You’re trusting someone else with your body

Completely agree, and this is a 100% valid point!

Putting your health and the safety of your body in someone else’s hands can be scary. Why do you think so many people are scared of going to the dentist, the doctor, or having jabs for their holiday.

All these things can be scary because you are allowing someone else to take control of your body, even though all of them are for your own benefit and ultimately, to better your health rather than harm it.

Hiring a personal trainer is no different, after all, these guys have to be fully qualified for a gym to even consider hiring them. And it’s actually harder than you’d think to be a PT, they don’t just let everyone who pays for the course pass, they do fail people if they aren’t good enough.


Working as a personal trainer in London for nearly a decade has taught me that personal trainers are not the mean, scary, intimidating people that I thought they were when I was new to exercise.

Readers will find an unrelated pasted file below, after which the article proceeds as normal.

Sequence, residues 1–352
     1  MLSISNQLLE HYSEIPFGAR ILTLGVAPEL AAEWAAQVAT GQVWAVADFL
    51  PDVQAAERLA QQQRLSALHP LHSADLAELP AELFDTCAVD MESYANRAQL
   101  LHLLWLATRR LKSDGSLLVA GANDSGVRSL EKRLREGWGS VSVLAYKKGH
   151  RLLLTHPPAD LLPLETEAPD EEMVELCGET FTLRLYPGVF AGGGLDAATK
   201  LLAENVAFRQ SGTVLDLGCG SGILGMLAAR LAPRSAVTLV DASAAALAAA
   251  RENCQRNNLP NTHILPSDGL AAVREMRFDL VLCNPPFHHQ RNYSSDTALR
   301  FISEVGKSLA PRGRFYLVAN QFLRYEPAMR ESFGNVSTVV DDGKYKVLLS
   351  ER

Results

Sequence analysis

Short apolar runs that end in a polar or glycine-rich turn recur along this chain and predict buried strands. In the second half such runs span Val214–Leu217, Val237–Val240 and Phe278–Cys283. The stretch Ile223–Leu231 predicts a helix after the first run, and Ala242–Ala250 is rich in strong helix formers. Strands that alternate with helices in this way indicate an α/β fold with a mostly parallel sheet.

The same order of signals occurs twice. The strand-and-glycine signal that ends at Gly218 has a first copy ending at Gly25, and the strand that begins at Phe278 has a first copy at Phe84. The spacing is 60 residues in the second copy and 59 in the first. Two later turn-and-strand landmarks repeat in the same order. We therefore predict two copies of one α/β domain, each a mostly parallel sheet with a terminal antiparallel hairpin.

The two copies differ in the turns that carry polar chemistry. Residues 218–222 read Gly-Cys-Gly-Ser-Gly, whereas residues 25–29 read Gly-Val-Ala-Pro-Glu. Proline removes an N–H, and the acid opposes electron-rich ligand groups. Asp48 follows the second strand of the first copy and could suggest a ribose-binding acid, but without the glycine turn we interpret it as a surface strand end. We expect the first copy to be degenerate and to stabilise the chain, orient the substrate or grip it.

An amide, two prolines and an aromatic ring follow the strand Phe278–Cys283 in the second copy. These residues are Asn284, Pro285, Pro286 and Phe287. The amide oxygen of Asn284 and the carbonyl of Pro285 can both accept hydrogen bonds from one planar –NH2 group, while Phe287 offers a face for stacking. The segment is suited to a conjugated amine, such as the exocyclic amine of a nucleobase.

I’ve learned that they are funny, kind, and deeply respectful of their clients. There’s no need to be scared of trainers, and please don’t ever think that what you have seen on reality TV shows or in movies are what trainers are like in real life, it couldn’t be further from the truth.

I’ve continued to be friends with my clients from the first gym I worked in years ago, so we can’t be all that bad.

Go get ’em!

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Chris Walker

Chris Walker worked in the City of London as a fully qualified REP's level three personal trainer for just under ten years. He built and maintained a client base of 40 individuals and worked with several high profile clients, including actors, actresses, comedians and politicians.